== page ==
LP Gas Concerns > Fire Safety Analysis
REQUIREMENT FOR FIRE SAFETY ANALYSIS OR ALTERNATIVE
All new and existing LP-Gas bulk plants must meet certain documentation requirements to operate in North Carolina. One such requirement is to have a fire safety analysis (FSA) prepared in accordance with NFPA 58, the Liquefied Petroleum Gas Code, section 184.108.40.206 (2001 Edition) or section 220.127.116.11 (2004 Edition). The LP-Gas Regulations (02 NCAC 38 .0701 (1) (f) through (h)) allow for an alternative to the fire safety analysis.
In 2004, the NFPA and NPGA jointly released the Fire Safety Analysis Manual (FSA Manual). It has been updated each time a new edition of the LP-Gas Code was released. This manual is a simplified method for meeting the requirements of providing an FSA. It is designed for a person familiar with LP-Gas equipment and with plant operations to write the FSA. An engineering background is not required. You may download the FSA Manual free of charge at the NFPA website. Or you may go to the NPGA website and enter "FSA Manual" in the search function. (NPGA members only.) You should use the manual that matches the edition of the LP-Gas Code in effect where you are or for the edition of the LP-Gas Code in effect when the facility was installed or modified. For those who downloaded the original FSA Manual, an updated version keyed to the 2004 Edition of the LP-Gas Code is now available.
The alternative method meets the requirements of the LP-Gas Regulations . This method requires a meeting between the facility owners or the designated agent and local fire officials. The meeting is intended as a method for exchanging information between the owner and the emergency responders on the fire hazards and methods to mitigate them. The items discussed during the meeting will be documented. The meeting documentation and the complete alternative fire safety analysis shall be kept onsite and immediately available for inspection by NCDA&CS personnel.
Following is a brief summary of the regulations, making a guideline that will meet the requirements of the alternative method. We suggest that you download and use the sample format as a detailed guide for writing your document.
The considerations fall into three general categories: Exposure of Adjacent Properties; Emergency Access Routes; and Review Equipment and Emergency Shutdown Procedures. These categories and items to consider are listed below.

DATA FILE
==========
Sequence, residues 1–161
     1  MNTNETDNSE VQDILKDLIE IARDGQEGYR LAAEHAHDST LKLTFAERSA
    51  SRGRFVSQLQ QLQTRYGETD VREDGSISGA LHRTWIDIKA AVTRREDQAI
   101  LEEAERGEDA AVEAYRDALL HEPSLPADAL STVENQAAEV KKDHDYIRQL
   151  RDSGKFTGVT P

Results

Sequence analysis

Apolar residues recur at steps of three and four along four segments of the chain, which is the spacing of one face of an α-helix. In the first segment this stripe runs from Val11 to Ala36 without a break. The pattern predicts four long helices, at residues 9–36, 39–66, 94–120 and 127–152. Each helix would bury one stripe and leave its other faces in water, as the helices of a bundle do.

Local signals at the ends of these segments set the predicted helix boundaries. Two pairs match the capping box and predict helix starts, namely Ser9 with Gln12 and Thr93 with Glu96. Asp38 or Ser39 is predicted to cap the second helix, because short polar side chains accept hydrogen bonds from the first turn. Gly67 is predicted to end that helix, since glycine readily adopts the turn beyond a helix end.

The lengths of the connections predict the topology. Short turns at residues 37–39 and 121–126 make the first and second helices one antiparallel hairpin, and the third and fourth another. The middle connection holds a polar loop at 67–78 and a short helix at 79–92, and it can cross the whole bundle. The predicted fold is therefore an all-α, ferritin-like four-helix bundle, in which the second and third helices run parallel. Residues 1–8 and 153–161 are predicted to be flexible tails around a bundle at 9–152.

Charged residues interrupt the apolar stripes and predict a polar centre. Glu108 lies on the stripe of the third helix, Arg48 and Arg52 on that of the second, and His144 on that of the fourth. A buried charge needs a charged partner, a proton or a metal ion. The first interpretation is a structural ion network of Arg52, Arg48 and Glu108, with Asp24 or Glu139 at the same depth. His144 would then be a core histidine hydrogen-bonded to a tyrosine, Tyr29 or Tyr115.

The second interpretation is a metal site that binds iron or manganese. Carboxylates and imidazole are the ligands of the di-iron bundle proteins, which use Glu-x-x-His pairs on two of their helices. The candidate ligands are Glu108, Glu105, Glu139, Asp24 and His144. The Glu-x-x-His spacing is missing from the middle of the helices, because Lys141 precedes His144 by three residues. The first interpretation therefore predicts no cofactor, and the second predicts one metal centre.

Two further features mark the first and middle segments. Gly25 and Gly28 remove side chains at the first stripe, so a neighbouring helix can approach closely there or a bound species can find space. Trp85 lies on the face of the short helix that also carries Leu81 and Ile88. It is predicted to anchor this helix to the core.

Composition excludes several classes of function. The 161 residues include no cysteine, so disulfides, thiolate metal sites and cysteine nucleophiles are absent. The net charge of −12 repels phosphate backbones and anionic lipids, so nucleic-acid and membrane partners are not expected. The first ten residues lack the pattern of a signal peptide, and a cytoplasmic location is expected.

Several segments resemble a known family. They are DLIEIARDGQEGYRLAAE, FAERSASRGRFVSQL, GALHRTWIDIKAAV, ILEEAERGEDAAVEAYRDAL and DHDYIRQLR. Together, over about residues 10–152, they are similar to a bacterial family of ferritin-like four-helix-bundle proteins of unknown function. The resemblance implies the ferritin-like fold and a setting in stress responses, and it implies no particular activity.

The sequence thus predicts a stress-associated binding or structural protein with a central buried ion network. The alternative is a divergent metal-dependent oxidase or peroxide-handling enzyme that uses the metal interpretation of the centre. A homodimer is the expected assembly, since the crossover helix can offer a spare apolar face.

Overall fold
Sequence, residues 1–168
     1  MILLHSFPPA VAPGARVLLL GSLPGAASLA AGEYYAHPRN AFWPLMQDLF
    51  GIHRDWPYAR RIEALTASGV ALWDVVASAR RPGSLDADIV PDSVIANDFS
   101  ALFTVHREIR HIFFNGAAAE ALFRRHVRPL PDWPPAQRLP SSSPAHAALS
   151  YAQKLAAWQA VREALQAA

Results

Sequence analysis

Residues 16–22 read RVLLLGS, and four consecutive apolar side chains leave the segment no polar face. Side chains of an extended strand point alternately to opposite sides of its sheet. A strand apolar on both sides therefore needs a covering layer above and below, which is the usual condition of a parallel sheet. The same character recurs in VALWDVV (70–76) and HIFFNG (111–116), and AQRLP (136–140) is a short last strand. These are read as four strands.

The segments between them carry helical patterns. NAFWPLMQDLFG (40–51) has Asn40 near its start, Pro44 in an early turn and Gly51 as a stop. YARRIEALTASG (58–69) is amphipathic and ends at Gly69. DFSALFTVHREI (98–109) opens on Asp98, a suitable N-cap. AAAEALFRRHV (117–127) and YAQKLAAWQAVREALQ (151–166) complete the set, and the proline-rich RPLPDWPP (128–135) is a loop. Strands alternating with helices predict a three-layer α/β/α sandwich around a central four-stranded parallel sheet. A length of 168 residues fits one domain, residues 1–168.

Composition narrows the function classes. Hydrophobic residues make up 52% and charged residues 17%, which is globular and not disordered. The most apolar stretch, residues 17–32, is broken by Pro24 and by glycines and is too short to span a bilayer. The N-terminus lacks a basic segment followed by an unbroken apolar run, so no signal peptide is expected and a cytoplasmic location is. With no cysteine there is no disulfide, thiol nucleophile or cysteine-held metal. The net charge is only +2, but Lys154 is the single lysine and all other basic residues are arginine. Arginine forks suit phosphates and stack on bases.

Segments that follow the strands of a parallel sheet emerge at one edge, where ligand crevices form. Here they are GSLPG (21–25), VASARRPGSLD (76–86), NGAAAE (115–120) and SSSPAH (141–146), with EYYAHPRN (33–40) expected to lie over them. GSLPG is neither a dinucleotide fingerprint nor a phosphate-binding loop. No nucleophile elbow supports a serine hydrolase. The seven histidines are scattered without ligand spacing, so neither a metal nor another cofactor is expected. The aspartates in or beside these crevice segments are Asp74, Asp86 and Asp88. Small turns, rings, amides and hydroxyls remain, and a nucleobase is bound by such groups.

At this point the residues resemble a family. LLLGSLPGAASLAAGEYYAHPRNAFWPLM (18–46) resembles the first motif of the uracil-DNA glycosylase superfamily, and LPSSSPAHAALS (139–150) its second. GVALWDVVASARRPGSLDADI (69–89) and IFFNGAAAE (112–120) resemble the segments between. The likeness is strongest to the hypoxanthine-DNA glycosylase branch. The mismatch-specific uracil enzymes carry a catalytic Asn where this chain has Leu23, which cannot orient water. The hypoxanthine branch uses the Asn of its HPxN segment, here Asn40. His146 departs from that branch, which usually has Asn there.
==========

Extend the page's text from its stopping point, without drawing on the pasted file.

- Exposure of Adjacent Properties
- Review of hazardous exposures to or from real property, population or congestion adjacent to the facility. The primary method of evaluating the concerns will be according to separation requirements of NFPA 58.
- Review of exposures within the site. The primary method of evaluating the concerns will be according to separation and installation requirements of NFPA 58.
- Emergency Access Routes
- Review of emergency access routes to the facility.
- Arrange for access to the facility by emergency responders.
- Review Equipment and Emergency Shutdown Procedures
- Identify and locate emergency shut down controls.
- Identify and locate manual shutdown controls and valves.
- Familiarize emergency responders with shut down procedures
- Determine the best location for listing of the emergency contact name(s) and telephone number(s) for the facility owner.
- Identify the emergency responders, whether they are an onsite fire brigade or an offsite fire department.
- Identify the source of water intended for use to mitigate an incident at the site.
The above facility review shall be documented in writing, including the results of each determination of the items above, names, positions, addresses and phone numbers of the participants of this meeting, the date and time of the meeting, and the location of such meeting. Signatures of the participants are required.
A sample format for the documentation is available by clicking here.
If arrangements cannot be made to meet with the local fire officials within 60 days of the commencement of plant operations, documentation of efforts to arrange the meeting and the reasons given for not being able to meet must be listed. If this meeting cannot be completed within the 60 day period, the AHJ may terminate operation of the plant facility until such meeting has taken place or a fire safety analysis is completed.
IF THE ALTERNATIVE MEETING CANNOT RESOLVE CONCERNS
If the local fire officials determine that they are not capable of responding to an incident at the facility or that they do not have the expertise to determine the above listed considerations, the facility owner may offer design changes to meet the concerns of the fire official. If the owner and the fire officials fail to arrive at a consensus about the acceptability of the conditions listed above, a fire safety analysis as referenced in NFPA 58 must be performed.
The phase-in period for facilities approved or existing before July 1, 2001, ended on July 1, 2005. All facilities required to have a fire safety analysis must now have it completed and available for review. If the fire safety analysis or the alternate method documentation is not available for inspection, the facility may have to terminate operation until such documentation is available. Keep in mind that the results of the alternative meeting may determine that another form of the fire safety analysis (one written by an outside source, usually a registered professional engineer, or using the Fire Safety Analysis Manual) is required, which will require additional time to complete.
These are the guidelines as of September 7, 2005. These guidelines may be revised at any time to reflect changing needs.
Last updated January 5, 2012